- File Size: 772 KB
- Print Length: 145 pages
- Simultaneous Device Usage: Unlimited
- Publisher: Dreamspinner Press; First edition (June 16, 2010)
- Publication Date: June 16, 2010
- Sold by: Amazon Digital Services LLC
- Language: English
- ASIN: B003TU271I
- Text-to-Speech: Enabled
- Word Wise: Enabled
- Lending: Enabled
- Amazon Best Sellers Rank: #186,725 Paid in Kindle Store (See Top 100 Paid in Kindle Store)
|Digital List Price:||$5.99|
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Truth in the Dark Kindle Edition
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|Length: 145 pages||Word Wise: Enabled||Enhanced Typesetting: Enabled|
|Page Flip: Enabled||
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Top Customer Reviews
I must admit I am not a huge fan of the fantasy genre and haven't read an actual fairytale since I was a child. It was what made it difficult for me to truly get into the story at first. As a fan of Amy Lane I was able to enjoy her unique way of making me fall in love with the characters and I finally found myself drawn into this "magical or enchanted" world.
I definitely think this was my least favorite of all of her books (which most likely has to do with the genre and not writing) but I am glad I finally read it.
First things first, Amy Lane is a haunting, subtle, skilled writer who refuses to settle for easy solutions. Every book she's written carries pain and secrecy thumping inside its ribs like a dark heart. Faced with the "update a fairytale" challenge, she's not going to settle for a facile approach.
Knife, the protagionist, is the direct converse of what most writers would tackle. He is literally deformed, arguably ugly, but fiercely appealing for reasons that aren't easy to explain. Aerie-Smith is beastly in stark, upsetting ways; if he is sexy and commanding, those things are handicaps as much as strengths. There are no quick fixes on offer here. Yet it IS a fairytale, and Lane walks her Knife's edge to wring delicious sweetness and sadness out of a very old story.
Lane also digs right at the core of the original Myth. She knows her Ovid and (I'd imagine) many many versions of this story as well: from C.S. Lewis to NBC. What she has used to built her plot, the curse, the romance IS the hub of the myth itself: the act of seeing, the power and peril of secrecy and sight, the trust it takes to expose ugliness in yourself and others, the painful struggle between Truth and Darkness.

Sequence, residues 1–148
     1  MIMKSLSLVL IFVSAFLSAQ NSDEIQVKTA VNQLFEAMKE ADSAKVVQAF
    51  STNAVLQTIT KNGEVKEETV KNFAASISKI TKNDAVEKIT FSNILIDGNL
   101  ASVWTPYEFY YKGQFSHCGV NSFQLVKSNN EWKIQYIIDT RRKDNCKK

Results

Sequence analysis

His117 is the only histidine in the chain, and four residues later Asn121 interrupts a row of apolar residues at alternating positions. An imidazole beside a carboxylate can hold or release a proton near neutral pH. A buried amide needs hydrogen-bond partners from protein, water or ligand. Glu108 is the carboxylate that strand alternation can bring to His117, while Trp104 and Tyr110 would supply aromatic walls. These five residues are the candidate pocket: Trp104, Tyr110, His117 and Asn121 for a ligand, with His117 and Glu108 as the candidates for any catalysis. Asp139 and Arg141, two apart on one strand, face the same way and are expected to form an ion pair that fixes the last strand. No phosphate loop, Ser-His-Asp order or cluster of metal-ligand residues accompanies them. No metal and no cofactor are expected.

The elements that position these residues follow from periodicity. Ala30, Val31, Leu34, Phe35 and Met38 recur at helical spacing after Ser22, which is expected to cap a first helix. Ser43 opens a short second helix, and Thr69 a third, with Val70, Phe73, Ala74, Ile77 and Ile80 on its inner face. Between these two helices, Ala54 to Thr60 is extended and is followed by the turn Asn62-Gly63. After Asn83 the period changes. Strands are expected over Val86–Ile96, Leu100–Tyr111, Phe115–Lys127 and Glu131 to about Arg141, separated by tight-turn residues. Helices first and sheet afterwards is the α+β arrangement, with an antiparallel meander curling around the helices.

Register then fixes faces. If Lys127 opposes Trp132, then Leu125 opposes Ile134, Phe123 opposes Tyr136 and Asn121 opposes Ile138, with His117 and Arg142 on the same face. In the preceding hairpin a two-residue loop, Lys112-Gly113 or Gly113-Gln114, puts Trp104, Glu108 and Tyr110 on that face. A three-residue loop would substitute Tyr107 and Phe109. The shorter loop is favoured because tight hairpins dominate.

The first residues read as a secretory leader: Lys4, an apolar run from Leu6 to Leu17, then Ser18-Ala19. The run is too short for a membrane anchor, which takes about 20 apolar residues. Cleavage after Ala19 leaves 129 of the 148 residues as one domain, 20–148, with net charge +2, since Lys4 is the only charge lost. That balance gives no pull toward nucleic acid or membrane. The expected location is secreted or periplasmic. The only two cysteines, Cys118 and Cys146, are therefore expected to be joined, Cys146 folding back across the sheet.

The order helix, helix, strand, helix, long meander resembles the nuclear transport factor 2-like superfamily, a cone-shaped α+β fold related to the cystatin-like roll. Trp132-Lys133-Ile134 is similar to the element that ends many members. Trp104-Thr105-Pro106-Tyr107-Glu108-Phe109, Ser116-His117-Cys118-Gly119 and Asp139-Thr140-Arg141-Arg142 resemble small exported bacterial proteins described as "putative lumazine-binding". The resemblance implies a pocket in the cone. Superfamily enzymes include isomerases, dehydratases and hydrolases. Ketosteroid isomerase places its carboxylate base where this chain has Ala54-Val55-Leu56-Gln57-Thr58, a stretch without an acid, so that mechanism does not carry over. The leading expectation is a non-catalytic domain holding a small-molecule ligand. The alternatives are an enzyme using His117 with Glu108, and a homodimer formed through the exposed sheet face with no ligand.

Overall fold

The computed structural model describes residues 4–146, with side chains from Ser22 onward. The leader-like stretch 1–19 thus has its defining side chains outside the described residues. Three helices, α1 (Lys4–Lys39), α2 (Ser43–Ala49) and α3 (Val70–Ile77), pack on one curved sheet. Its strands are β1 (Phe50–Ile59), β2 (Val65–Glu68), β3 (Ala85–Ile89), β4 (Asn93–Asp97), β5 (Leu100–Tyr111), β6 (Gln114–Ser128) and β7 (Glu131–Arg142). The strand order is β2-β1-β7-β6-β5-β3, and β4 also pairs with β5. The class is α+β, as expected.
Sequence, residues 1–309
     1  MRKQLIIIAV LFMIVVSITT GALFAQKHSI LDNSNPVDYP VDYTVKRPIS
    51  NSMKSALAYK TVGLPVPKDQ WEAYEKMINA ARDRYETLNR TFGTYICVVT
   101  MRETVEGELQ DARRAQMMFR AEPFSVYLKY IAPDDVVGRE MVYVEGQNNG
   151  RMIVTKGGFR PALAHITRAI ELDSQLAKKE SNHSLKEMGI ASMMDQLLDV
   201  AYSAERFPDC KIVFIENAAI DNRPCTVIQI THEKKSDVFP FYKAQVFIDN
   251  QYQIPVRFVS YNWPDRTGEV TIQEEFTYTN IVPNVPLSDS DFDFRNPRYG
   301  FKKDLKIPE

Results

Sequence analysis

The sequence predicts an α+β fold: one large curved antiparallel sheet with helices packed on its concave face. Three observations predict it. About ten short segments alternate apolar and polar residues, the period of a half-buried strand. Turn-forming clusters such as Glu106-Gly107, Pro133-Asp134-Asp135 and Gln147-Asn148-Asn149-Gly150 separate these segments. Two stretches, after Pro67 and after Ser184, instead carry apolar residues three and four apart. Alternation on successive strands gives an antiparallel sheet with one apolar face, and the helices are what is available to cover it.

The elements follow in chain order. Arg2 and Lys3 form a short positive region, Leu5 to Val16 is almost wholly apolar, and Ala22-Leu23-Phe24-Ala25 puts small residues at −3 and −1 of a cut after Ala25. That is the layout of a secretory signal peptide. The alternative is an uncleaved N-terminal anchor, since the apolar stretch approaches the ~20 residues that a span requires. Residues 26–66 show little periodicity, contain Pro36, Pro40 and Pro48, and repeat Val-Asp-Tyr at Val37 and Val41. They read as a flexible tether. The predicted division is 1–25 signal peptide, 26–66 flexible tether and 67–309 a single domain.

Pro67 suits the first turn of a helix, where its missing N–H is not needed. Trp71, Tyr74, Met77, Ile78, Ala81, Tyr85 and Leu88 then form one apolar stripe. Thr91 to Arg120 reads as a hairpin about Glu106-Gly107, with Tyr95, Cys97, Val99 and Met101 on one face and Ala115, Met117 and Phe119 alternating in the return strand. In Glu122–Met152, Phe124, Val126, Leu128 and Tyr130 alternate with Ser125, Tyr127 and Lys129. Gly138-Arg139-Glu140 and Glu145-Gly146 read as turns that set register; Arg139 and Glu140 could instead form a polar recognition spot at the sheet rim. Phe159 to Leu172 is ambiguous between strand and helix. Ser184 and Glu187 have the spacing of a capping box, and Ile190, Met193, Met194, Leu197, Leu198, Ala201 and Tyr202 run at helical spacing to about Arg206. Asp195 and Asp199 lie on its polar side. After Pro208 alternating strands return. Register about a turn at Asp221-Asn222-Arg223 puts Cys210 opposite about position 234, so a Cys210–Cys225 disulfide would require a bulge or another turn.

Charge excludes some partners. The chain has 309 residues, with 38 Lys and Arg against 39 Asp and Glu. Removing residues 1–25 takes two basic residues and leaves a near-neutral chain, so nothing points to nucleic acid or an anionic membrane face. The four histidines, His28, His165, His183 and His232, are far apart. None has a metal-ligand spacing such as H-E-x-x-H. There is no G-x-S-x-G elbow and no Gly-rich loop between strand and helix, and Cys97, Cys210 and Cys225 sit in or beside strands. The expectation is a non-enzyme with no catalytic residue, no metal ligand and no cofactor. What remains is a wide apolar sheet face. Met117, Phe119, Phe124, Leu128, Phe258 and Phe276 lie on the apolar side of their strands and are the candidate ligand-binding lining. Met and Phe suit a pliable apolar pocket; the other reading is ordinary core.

I don't like big spoilers in reviews, so I won't ruin any of the witty twists Lane puts on her kingdoms or their quirky inhabitants. I'm not going to crow about her dynamic prose and her singular characterizations and her knack for odd emotion from unexpected sources, because you'll either see them instantly or think I'm an ass for raising your hopes. And I will only hint at the slivers of heartbreak and hope that she plants at strange moments. I will assure you that it is a fairytale with a happy ending, but one that comes with a keen sense of the cost of happiness and endings.
I loved this retelling, and I'm even more of a fan of Amy Lane than I was going in, which is saying something. She is a treasure.
I grew up believing that only certain people deserved certain things and that I was not one of them. I grew up believing the world was fair to those whom deserve it - and that's a lie. Everyone deserves to be happy - but the world is anything but fair. As a parent, I have struggled to find a balance in teaching my daughter these things.
This book lays it all bare. For every fat, crippled, poor, or homely person who has ever become 'the funny one' or 'the rude one' in order to cloak the hurt inside, this fairytale is long overdue.
I've always enjoyed the story of 'The Beauty and the Beast', but truth be told, it has always been flawed. It teaches that if you're a good person and want something badly enough, things will magically change and become 'right' or 'just' and that simply isn't true. Life isn't fair and sometimes that starts right at birth, but you have to love yourself in order to allow others to love you. You can be fat, crippled, poor, or homely and someone, the right someone, will love you and look at you like life is worth living because you exist. THAT is a lesson worth learning.
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